If we've learned anything this year, it’s that nothing is more precious than good health. And your child’s pediatrician is a big part of that equation. By finding the ideal doctor for your family, you’ll have a tireless gatekeeper and advocate for your child’s well-being, an endless source of information and reassurance, and someone willing to guide you through the frustrating maze that is our insurance system. Not only will she have your back, but she’ll give you a shoulder to cry on too. Here, moms and dads tell the story of how they knew they had hit the pediatrician jackpot.
Toward the end of pre-K, my daughter’s teacher sent a note home, asking if we’d had a death in our family. We hadn’t, but Ameera’s behavior had changed so dramatically that her teacher was looking for a reason why. She said Ameera had lost focus and could no longer follow instructions in class. She couldn’t even clap her hands in rhythm with the other kids. A school evaluation showed she wasn’t ready for mainstream kindergarten.
I’d been worried about Ameera at home too. I’d noticed that she was clumsy and struggled to convey what she wanted to say. I kept checking her for a fever and closely monitored her diet, but I couldn’t find a cause.
On the day I received the letter, I asked Ameera to open wide for some probiotic powder. That’s when I noticed huge bumps on her tongue.
Immediately, I made an appointment with our pediatrician, Dr. Luba Stein. Instead of dismissing my “mother’s instinct” that something was wrong, she tested Ameera for strep throat, explaining that the bumps indicated she could have had it for a while—even without other symptoms. The longer someone has strep throat, Dr. Stein told me, the more the infection can cause inflammation in the brain. I listed all the changes Ameera’s teacher and I had noticed, and Dr. Stein agreed that strep throat could be the culprit.
Sure enough, Ameera’s test came back positive, and she started antibiotics right away. And when the school refused to reevaluate Ameera for mainstream kindergarten readiness once she’d finished treatment, Dr. Stein stepped in and wrote a detailed letter on our behalf. As soon as the school nurse read it, she assured me Ameera would be retested. Everyone at Ameera’s school knows and trusts Dr. Stein. I feel lucky to have her as our family’s pediatrician.
Now 10, Ameera has been doing great in school without any tutoring or special assistance. She started kindergarten on time with no issues, and I can’t thank Dr. Stein enough for that.
—Zaida Khaze, Fort Lee, NJ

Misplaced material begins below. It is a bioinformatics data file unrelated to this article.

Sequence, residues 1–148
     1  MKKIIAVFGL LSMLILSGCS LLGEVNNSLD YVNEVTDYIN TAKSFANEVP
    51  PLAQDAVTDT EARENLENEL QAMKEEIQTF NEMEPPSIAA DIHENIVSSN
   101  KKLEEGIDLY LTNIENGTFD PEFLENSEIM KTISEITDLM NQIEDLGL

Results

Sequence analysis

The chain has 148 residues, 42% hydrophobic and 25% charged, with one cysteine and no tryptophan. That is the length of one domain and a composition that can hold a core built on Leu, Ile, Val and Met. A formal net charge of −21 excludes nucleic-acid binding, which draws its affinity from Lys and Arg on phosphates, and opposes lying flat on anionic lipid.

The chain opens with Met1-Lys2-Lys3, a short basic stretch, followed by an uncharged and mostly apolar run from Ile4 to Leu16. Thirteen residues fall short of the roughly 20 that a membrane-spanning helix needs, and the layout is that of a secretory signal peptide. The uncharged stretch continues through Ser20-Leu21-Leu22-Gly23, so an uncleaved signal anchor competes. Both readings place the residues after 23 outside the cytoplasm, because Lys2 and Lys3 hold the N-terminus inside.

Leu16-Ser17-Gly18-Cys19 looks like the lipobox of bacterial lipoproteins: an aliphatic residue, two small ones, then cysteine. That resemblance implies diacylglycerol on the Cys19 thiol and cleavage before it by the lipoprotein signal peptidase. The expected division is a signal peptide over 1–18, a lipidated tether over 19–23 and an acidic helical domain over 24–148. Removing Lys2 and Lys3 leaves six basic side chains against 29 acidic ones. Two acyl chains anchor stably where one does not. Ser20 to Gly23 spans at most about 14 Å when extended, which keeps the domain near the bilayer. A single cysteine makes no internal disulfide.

Born prematurely, my daughter, Eliza, spent three months in the neonatal ICU and 10 months in the pediatric ICU. She’s a medically complex kid—she has Down syndrome, a congenital heart defect, and severe airway issues. After her birth, she saw a lot of specialists. When a nurse in the NICU suggested Dr. Stephanie Gehres as our primary pediatrician, I sighed and thought, “OK. Another doctor my baby has to see.” I was wrong. She’s amazing.
Dr. G has made a point of developing a relationship with Eliza’s other doctors, even those who are out of state. The social worker she has on staff helps me with everyday questions. And not once have I ever had to fight with insurance. Dr. G’s office handles all of it—even the appeals.
It’s not only Eliza, now 3, whom Dr. G cares about but also my two older boys and me. When Eliza had to spend weeks in the hospital for a major airway reconstruction, Dr. G. could have just called occasionally to check on me or done nothing. Instead, she visited me in person, every other day, and even brought me coffee. She’s come to Eliza’s birthday parties and brought my sons Christmas gifts. She’s my go-to person. I don’t know how I’d get by without her.
—Jessica Jonkman, Albuquerque, NM
Dr. Bryan Kono has been our doctor since our older son was born five years ago. He brings the ideal blend of Western and alternative strategies to our family’s care. When my kids have ear infections, he treats them with antibiotics but also uses probiotics to try to prevent them. He always has a list of natural remedies we can find at a store or recommendations for things we can make ourselves.
At every appointment, whether scheduled or last-minute, Dr. Kono spends at least a half hour with us. Before the exam, he watches my younger son play or asks my older son how school is going. His practice has grown so fast that he isn’t taking new patients anymore—and when other moms find out that we use Dr. Kono, they get super-jealous!